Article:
You know you are going to end up in a tourist trap at some point. That’s fine. It’s just part of the experience of visiting a new city. Just save some time to try the spots that we write about. They are worth it. But I wouldn’t actually say that any of them is the must-do-thing! My favorite would be to go to Södermalm, jump off the main streets and wander for at least 30 minutes until you make sure you are completely lost (don’t worry, everyone speaks English in this town and you’ll be back on track in no time). Then, just observe what Stockholm is about and be part of it.

Which prejudices about Stockholm are true? Which ones are not?
I need to take the biggest of them all: the prejudices about Swedes. You think that they are cold, distant, predictable and boring. Well, they think that too. On the other hand I strongly disagree. I’m a Portuguese; I should probably know what a warm and interesting person is. Next time you are talking with your warm Southern European, try to count how many questions you are getting and compare that with the Swede. I’ll not even go to where is the easiest place to get to talk with new people, and who travels to the most to exotic and adventurous places.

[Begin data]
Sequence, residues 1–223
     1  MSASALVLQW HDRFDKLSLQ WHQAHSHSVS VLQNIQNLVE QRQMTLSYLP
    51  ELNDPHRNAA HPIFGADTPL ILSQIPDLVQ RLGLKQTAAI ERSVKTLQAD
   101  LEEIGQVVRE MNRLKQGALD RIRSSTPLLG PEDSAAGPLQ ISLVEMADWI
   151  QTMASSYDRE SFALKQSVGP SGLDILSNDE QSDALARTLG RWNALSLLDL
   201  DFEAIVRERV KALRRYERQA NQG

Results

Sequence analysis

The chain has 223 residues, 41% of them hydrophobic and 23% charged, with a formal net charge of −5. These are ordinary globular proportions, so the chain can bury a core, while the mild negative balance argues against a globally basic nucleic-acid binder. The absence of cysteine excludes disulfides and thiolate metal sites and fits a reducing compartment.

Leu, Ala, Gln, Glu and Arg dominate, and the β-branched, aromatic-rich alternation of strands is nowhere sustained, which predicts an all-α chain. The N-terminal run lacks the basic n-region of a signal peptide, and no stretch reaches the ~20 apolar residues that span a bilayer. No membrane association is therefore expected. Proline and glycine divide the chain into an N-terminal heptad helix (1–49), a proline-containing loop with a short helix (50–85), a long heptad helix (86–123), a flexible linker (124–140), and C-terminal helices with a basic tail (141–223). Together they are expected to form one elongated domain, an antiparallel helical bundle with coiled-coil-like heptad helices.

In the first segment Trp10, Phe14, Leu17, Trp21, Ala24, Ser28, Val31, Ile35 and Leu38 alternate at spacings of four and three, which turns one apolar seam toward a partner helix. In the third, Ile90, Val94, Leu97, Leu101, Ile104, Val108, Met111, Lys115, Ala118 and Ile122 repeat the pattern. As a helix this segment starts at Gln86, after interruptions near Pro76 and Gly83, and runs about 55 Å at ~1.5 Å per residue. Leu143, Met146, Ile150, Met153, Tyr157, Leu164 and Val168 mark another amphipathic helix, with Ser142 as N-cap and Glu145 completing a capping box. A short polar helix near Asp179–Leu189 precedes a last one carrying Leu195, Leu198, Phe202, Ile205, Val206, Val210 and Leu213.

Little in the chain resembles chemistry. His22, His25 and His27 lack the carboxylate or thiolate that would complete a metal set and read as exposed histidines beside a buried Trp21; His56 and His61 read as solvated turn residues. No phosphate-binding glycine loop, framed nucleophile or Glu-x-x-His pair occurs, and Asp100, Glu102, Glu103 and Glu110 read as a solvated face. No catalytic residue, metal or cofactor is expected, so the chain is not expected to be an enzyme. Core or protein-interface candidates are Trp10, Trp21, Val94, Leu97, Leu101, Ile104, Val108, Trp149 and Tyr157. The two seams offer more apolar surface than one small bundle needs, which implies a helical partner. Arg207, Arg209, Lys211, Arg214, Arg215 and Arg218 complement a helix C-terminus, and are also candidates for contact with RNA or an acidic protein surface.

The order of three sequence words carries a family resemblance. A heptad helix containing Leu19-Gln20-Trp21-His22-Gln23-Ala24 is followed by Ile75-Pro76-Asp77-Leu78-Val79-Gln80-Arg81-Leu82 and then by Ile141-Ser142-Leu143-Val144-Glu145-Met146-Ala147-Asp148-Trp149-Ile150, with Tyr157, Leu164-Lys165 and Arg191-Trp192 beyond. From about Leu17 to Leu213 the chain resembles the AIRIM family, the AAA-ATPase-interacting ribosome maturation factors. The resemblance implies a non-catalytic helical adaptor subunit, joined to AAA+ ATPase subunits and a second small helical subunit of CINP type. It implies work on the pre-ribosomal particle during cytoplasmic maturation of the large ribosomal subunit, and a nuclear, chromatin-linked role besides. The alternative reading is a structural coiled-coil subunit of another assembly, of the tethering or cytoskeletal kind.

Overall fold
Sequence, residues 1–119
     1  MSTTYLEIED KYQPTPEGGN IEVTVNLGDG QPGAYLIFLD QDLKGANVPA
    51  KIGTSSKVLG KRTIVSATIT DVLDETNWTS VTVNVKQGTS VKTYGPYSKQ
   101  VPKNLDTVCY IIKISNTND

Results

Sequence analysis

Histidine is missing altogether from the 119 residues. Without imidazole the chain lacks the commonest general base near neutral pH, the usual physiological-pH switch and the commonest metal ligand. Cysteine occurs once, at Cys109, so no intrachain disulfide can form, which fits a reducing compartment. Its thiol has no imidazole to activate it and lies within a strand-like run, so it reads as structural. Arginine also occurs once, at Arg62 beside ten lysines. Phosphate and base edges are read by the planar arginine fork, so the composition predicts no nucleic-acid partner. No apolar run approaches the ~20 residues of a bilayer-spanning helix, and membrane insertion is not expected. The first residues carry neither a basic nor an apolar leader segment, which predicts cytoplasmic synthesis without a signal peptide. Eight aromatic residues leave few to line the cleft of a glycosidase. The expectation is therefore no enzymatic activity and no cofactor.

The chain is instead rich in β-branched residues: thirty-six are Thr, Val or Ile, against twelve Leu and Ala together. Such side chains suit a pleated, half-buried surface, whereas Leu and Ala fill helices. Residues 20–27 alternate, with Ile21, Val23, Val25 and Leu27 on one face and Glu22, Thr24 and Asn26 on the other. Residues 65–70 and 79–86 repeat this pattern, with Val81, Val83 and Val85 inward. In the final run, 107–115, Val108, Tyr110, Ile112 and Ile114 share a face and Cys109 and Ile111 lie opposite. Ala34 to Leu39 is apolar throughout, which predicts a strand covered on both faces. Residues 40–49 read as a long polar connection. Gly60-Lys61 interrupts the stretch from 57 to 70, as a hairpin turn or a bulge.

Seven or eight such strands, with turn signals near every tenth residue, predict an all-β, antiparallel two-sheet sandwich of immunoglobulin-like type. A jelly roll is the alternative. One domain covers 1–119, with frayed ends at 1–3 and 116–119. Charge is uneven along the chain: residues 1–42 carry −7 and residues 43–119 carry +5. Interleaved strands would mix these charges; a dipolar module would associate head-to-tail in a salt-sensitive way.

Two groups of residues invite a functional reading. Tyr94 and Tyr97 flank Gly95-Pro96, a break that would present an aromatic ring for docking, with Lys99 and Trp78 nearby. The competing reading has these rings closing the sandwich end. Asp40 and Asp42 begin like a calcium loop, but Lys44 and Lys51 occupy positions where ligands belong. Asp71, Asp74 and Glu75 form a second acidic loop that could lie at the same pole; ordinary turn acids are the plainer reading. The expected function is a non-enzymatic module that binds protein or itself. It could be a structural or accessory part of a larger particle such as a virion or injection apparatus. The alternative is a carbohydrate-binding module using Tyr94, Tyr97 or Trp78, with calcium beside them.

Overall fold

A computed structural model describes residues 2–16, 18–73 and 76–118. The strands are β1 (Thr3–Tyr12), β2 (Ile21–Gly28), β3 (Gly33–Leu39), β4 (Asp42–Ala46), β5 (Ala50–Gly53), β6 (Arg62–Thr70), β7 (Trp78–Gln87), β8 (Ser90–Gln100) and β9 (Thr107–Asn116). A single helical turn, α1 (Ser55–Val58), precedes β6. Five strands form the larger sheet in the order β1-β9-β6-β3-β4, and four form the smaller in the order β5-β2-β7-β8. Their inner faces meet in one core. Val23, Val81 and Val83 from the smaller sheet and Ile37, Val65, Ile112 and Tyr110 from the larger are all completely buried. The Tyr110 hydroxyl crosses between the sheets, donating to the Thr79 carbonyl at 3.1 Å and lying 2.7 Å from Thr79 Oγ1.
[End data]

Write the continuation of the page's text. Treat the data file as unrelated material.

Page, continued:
There is one prejudice that other Swedes leaving outside Stockholm have that is actually true: people are more superficial here than in all Sweden. This is the capital and as in all the capitals that’s what usually happens. But there are positive aspects that come along with that superficiality: Scandinavian design and fashion that actually stir trends worldwide!

What do you know about Stockholm what no tourist will know?
You can visit all the places in Stockholm for a week, be everywhere and you might not understand what’s happening in this town. Why are the Swedes so drunk during weekends, why so many parks, why do cafés have the style they have, why do Swedes get half naked when sun comes even if it’s only 15C? This implies knowing the Swedish culture and understanding social interactions.